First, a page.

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External Examination

In Austria, every deceased person must undergo an external examination by an authorised doctor (coroner, medical examiner).

According to the Austrian Death and Funeral Act (Leichen- und Bestattungsgesetz) and the Austrian Midwifery Act, newborns (live births), miscarriages, stillbirths and body parts must be examined externally.

  • Live births: A foetus in which the heart has already beaten, the umbilical cord is pulsating, natural lung respiration has begun, or clear movements of voluntary muscles are recognisable.
  • Stillbirths: None of the above signs of life were present, but the birth weight was at least 500 grams.
  • Miscarriages: None of the above vital signs were present and the birth weight was less than 500 grams.

The purpose of an external examination is to pronounce death and to determine the manner and cause of death. The external examination shall also determine whether the circumstances surrounding the manner or cause of death require a post-mortem examination.

Deaths in a public hospital (definition according to the applicable state law) must be examined by the attending and authorised pathologist according to the applicable provision law (in Vienna: Section 4 of the Vienna Death and Funeral Act). This specialist pathologist must be given access to the entire medical history of the deceased person by the attending physicians. If a cause of death can be deduced from the medical history, the pathologist may release the deceased for burial after issuing a death certificate.

If a clinically relevant question arises from the medical history or is raised by the attending physicians, the clinical pathologist is authorised to perform a clinical post-mortem examination.

If it is not possible to determine the cause of death from the available medical history, the clinical pathologist is authorised to carry out a clinical post-mortem examination, even against the wishes of the relatives / next of kin, in accordance with Section 25 of the Federal Hospitals Act. The clinical pathologist must prepare a report on the post-mortem examination and can then release the body for burial once the death certificate has been issued.

If, during the examination of the case histroy or the clinical post-mortem examination, the suspicion arises that a third party may have been involved in the death of the person being examined (e.g. condition after road traffic accident and several months in hospital or improper medical attention), the clinical pathologist is obliged, under Section 54 of the Austrian Act on the Medical Profession to immediately discontinue any post-mortem procedures that may have been initiated and to inform the police (e.g. at Vienna General Hospital (AKH) using the form ‘Request for a Forensic Examination’).

In the case of death outside a public hospital, e.g. in a private hospital, nursing home, apartment, public place (street, public transport, etc.), an external examination must be carried out by a medical examiner from the competent health authority (in Vienna: MA 15).

The coroner must be given a certificate of medical treatment or a letter of referral from a hospital by the relatives in order to determine the cause of death.
If the medical records indicate illnesses that could have led to death by natural causes at any time, the coroner will release the body for burial after issuing a death certificate and a corpse accompaniment document (Leichenbegleitschein).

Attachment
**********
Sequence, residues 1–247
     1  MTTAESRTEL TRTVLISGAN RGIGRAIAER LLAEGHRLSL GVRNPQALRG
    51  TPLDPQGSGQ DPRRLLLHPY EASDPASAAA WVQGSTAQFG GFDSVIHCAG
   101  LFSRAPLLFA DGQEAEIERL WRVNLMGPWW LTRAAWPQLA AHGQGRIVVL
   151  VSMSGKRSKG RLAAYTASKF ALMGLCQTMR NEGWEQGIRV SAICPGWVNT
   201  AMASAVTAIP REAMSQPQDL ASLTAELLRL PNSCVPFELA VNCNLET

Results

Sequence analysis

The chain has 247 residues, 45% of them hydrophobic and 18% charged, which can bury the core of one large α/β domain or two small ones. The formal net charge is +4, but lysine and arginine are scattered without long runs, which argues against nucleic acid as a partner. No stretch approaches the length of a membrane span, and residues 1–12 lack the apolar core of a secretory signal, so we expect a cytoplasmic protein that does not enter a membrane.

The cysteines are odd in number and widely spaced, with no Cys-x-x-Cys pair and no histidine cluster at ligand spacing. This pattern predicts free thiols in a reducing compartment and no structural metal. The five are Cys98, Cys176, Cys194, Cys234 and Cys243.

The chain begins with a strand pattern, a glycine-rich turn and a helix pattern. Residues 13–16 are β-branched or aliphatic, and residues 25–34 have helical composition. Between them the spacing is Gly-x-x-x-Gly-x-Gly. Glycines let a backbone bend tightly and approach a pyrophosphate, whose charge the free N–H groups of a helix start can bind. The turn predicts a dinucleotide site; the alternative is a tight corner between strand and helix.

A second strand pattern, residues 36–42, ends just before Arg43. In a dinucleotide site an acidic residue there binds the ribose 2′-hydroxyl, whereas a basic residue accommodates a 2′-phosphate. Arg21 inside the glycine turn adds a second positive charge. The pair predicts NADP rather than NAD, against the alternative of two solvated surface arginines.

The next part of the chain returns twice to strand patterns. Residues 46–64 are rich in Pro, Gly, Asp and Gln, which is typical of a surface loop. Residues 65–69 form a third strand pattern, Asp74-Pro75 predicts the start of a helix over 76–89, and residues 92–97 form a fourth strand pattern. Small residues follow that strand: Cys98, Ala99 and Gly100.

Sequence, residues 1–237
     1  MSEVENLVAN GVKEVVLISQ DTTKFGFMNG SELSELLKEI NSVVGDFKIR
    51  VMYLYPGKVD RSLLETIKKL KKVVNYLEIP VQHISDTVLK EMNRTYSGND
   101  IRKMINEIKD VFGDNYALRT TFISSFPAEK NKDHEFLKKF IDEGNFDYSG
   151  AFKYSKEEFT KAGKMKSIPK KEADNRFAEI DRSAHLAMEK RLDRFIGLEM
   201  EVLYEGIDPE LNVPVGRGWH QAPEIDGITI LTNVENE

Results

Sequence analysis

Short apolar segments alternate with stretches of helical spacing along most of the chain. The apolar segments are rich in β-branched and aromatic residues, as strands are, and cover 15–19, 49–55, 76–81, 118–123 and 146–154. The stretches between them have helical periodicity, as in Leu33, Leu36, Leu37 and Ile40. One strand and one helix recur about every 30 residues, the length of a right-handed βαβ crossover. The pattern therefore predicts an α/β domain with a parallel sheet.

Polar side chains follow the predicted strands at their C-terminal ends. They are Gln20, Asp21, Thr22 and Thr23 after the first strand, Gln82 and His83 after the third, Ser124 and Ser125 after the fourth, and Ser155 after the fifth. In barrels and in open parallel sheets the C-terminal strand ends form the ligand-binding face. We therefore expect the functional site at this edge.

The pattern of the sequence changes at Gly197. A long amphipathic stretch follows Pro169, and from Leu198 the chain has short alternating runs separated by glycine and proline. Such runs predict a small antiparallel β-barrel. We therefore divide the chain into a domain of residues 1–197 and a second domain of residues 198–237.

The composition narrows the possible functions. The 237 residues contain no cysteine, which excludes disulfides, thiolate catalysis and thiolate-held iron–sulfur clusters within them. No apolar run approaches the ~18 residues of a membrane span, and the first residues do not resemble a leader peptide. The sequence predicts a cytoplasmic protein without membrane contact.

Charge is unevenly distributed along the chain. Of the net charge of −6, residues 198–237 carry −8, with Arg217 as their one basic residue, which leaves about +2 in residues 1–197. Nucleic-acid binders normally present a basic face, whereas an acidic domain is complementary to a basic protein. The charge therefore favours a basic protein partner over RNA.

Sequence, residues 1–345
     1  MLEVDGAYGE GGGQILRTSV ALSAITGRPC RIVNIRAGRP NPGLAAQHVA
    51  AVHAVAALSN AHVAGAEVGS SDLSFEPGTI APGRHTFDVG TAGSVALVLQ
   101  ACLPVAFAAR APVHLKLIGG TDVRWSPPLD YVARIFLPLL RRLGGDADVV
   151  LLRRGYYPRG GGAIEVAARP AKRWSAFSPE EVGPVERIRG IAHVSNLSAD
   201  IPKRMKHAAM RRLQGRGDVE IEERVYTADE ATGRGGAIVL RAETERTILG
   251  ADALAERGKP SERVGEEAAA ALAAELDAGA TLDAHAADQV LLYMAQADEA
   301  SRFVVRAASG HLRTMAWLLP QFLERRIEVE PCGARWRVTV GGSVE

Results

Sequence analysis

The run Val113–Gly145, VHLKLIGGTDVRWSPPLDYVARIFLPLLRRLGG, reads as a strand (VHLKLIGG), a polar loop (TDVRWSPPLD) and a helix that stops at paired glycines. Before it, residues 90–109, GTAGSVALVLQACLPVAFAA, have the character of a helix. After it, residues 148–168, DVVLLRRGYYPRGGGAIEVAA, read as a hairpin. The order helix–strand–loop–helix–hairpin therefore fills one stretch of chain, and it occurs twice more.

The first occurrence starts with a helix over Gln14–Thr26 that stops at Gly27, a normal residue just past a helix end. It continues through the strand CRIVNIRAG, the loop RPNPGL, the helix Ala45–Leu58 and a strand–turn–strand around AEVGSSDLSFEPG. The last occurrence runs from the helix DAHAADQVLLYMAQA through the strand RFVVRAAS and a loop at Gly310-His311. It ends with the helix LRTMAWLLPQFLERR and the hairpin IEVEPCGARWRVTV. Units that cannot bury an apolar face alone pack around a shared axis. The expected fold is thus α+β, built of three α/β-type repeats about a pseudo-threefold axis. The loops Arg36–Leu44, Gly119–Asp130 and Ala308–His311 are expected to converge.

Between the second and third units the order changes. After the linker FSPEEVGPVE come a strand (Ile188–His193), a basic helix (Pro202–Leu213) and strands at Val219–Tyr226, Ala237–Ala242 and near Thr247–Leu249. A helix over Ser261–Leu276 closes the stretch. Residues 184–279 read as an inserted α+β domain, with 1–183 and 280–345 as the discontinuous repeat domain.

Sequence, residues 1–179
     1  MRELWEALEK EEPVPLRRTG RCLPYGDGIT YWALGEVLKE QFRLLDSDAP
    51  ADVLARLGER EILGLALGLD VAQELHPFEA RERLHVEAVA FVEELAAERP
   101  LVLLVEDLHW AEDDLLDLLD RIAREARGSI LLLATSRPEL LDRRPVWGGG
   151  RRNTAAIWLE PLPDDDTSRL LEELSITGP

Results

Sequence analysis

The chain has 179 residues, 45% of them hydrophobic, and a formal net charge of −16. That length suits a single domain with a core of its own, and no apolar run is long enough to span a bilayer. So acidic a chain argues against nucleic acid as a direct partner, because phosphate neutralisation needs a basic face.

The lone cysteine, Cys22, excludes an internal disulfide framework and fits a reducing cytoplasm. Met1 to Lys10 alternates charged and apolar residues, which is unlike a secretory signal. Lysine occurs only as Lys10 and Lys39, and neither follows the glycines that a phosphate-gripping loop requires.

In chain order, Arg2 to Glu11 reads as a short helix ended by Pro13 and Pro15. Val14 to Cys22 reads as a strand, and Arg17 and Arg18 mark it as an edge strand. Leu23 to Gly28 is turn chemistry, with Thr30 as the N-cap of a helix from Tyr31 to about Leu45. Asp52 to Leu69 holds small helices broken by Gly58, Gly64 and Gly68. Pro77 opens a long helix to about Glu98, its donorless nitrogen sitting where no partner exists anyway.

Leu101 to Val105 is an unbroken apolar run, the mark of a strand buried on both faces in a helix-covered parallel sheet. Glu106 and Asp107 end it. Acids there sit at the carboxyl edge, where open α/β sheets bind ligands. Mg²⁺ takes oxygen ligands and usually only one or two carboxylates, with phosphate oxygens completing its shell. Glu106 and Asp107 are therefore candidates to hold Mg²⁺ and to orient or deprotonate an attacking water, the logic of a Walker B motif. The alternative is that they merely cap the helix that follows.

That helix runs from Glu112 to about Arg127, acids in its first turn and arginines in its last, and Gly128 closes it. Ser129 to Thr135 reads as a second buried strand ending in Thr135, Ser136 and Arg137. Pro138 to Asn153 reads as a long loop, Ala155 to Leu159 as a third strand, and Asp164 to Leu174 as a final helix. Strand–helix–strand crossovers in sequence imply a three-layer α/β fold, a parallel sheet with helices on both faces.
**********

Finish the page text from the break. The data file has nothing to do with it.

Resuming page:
If there are no medical records, or if the records do not indicate illnesses that could explain sudden death from natural causes, the coroner must request a post-mortem examination from the competent authority, for example under the Vienna Death and Funeral Act.

If the relatives of the deceased suspect that the death was caused by medical malpractice, they can lodge a complaint with the police, which almost always results in the body and medical history being seized by the public prosecutor’s office and a forensic doctor being appointed to carry out an autopsy and write a report under Section 128 of the Code of Criminal Procedure (forensic autopsy).

If the attending physicians suspect that the cause of death was due to medical negligence, they are obliged to notify the police (e.g. at Vienna General Hospital (AKH), using the ‘Request for a forensic examination’ form) in accordance with Section 54 of the Austrian Act on the Medical Profession.

In the event of death caused by a third party, suicide, drug abuse of people who died in a public place or in custody, as well as the corpses of infants and toddlers, and if body parts and bones are found, the body or body parts must be subject to a police commissioning by a police lawyer, a public health officer and a civilian law enforcement officer. Depending on whether third-party involvement is suspected, a post-mortem ordered by the court or by the health authorities is to be carried out to establish the cause of death and the circumstances surrounding death. The corpse cannot be released by the police commission. The corpse is released by the medical examiner commissioned by the competent authorities (in Vienna: MA 15, Health Department) or by the forensic medical expert.

Summary of external examination

  • Pronouncing death
  • Determining nature and cause of death → Collection medical documents (medical treatment certificate, letters of referral, medical history)
  • Issuing the necessary documents
    • Death certificate → Released for burial
    • Document accompanying a corpse (Leichenbegleitschein) → needed to transport a corpse
  • Reporting death to the competent health authorities → indeterminate cause of death
  • Reporting death to the police → Suspicion of third-party involvement

Furthermore, the medical examiner is obliged to report notifiable diseases (Epidemic, Tuberculosis or AIDS law) and deaths associated with drug abuse.